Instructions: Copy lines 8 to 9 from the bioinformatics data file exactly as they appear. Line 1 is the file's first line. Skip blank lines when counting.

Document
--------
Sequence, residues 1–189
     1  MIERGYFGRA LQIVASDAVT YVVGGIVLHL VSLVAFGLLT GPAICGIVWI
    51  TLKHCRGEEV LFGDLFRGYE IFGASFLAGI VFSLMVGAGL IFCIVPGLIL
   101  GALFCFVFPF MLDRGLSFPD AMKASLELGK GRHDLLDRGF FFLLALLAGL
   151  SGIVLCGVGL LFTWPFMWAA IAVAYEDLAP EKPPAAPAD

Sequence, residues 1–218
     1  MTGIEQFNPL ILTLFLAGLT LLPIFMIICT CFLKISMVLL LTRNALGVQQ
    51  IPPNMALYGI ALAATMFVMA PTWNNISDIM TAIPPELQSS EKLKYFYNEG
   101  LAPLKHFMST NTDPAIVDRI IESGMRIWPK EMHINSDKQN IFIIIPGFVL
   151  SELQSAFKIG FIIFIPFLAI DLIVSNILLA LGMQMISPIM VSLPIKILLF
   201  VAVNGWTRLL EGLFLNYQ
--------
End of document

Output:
    51  IPPNMALYGI ALAATMFVMA PTWNNISDIM TAIPPELQSS EKLKYFYNEG
   101  LAPLKHFMST NTDPAIVDRI IESGMRIWPK EMHINSDKQN IFIIIPGFVL